America needs more people in the skilled trades. That was the simple but powerful message delivered by U.S. Department of Labor Secretary Alexander Acosta addressing the opening session at the Building and Construction Trades Apprenticeship Training Conference at Washtenaw Community College on October 4.

“The United States has 6.2 million job openings. That is the highest number of job openings ever in the U.S.,” Acosta said. “In the building trades industry alone, there are more than 250,000 job openings.”

United States Secretary of Labor Alexander Acosta addresses a crowd of North America’s Building Trade Unions members at Washtenaw Community College’s Towsley Auditorium. Acosta spoke about the importance of apprenticeships during the opening session of the group’s two-day Apprenticeship Training Conference held at WCC on October 4-5. | Photo by Lon Horwedel

The building and construction trades conference is one of the ways that industry and education partners like WCC are working to address the skilled labor shortage.

More than 200 building and construction union trainers attended the conference to learn the latest developments in apprenticeship programs, occupational safety and health, and new training techniques.

“Through apprenticeships, we are creating opportunities to train for careers to last a lifetime and move families into the middle class,” said Sean Garvey, President of North America’s Building Trades Unions.

The trainers at the conference represent a portion of the 1,900 apprenticeship training centers across the U.S., where tens of thousands of apprentices train each year.

“If you were to compare the number of apprentices enrolled in these programs to major university enrollment, the programs would be the third largest enrollment in the nation,” noted Acosta.

While the building trades unions are working hard on the supply of skilled labor, getting high school students interested in skilled trades remains a challenge.

According to Acosta, too many high schools are putting too much emphasis on college entrance exams and not enough emphasis on helping students find career-sustaining jobs in the years after graduation.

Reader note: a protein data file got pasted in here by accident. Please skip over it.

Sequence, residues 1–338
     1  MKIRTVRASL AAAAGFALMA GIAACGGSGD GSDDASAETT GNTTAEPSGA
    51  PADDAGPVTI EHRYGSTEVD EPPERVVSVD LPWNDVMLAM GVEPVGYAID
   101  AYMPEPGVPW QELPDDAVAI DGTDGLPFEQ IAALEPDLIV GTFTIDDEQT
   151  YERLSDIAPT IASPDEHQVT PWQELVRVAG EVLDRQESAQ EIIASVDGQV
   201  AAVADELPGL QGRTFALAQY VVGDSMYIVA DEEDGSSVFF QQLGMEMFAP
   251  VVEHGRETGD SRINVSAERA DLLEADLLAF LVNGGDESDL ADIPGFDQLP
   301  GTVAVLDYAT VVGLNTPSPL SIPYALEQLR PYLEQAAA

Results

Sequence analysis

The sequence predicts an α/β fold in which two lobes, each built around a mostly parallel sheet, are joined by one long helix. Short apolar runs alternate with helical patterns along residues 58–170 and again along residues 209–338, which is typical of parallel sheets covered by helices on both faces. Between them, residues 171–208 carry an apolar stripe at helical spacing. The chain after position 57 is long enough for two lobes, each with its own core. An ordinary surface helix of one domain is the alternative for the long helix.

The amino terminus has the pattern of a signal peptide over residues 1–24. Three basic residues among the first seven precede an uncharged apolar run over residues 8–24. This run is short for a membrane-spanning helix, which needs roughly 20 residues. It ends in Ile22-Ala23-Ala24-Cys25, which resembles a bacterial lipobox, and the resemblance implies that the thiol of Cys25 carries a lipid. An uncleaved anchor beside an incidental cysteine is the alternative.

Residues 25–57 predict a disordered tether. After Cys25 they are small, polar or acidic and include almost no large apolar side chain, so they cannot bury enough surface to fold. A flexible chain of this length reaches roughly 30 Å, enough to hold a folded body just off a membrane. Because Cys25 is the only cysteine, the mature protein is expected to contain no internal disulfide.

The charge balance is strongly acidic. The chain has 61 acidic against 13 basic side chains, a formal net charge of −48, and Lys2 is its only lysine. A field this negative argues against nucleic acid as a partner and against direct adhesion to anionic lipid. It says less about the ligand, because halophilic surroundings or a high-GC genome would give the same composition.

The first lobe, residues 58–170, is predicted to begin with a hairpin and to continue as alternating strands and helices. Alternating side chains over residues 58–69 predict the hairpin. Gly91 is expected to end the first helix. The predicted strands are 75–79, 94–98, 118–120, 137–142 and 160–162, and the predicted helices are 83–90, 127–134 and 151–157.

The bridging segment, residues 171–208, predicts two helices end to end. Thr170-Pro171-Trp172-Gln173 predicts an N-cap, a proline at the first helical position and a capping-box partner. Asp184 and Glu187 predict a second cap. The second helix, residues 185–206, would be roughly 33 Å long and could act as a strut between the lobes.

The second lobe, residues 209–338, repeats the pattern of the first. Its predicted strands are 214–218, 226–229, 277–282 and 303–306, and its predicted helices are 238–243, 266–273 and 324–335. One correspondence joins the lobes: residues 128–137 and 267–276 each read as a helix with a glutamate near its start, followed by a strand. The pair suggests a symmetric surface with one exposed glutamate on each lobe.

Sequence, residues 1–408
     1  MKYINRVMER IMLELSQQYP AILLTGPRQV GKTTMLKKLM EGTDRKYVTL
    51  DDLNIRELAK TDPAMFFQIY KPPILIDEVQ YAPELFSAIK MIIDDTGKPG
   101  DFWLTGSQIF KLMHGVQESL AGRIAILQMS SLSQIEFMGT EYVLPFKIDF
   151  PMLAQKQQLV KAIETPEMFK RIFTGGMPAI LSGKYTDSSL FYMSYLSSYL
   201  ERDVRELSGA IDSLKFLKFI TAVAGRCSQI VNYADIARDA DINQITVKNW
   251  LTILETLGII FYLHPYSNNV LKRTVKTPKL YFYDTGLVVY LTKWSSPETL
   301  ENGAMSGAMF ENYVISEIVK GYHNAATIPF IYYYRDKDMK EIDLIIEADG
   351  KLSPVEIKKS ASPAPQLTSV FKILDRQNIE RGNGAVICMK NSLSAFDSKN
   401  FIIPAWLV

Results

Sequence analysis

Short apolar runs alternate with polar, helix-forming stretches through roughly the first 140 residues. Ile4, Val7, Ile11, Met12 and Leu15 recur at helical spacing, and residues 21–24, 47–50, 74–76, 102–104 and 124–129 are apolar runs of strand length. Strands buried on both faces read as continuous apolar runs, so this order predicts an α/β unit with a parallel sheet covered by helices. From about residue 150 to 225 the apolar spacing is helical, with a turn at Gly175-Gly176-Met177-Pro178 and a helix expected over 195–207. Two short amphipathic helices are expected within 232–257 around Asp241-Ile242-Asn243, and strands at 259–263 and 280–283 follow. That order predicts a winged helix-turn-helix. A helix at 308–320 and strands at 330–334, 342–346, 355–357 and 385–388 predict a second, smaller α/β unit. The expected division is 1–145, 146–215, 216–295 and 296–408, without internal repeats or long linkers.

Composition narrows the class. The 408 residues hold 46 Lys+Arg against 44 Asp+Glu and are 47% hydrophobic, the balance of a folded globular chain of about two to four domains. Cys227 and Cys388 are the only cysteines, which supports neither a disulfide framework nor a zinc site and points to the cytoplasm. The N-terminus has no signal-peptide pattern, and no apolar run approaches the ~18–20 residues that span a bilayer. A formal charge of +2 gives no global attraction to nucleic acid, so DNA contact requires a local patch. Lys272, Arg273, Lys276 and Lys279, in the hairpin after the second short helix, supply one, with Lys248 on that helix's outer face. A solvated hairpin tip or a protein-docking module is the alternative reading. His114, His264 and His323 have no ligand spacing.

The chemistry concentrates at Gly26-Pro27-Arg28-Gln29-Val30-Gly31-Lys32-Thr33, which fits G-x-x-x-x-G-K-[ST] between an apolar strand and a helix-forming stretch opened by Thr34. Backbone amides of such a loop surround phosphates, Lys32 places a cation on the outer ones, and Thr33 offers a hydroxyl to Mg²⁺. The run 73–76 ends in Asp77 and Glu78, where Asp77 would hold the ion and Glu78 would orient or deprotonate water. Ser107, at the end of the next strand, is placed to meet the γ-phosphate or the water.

“No one is talking to students about the opportunity to be part of an apprenticeship program,” said Acosta. “Every student out there deserves the counseling appropriate to his or her career goals.”

In Michigan, the starting salaries of craftspeople are often competitive with, if not higher than, that of a college graduate.

Governor Rick Snyder has proposed a class be offered prior to students entering high school that would expose them to more career options, so that they can select high school electives that would be more focused on their chosen career paths.

WCC is working with two union training partners — the United Association of Journeymen and Apprentices of the Plumbing and Pipe Fitting Industry of the United States, Canada (UA) and Ironworkers — to address the skilled trades gap though innovative associate degree and pre-apprenticeship programs.

Through the UA University at WCC, UA members can complete their associate degree in Construction Supervision, Journeyman Industrial or Industrial Training in five online classes. By taking one class a year, UA apprentices can graduate from WCC with a degree at the same time that they complete their apprenticeship.

WCC’s Ironworkers pre-apprenticeship program introduces students to the skills needed to be an Ironworker across the United States and Canada. Students who successfully complete the program are eligible for advanced standing in the Ironworker Local Union Apprenticeship Training Program. l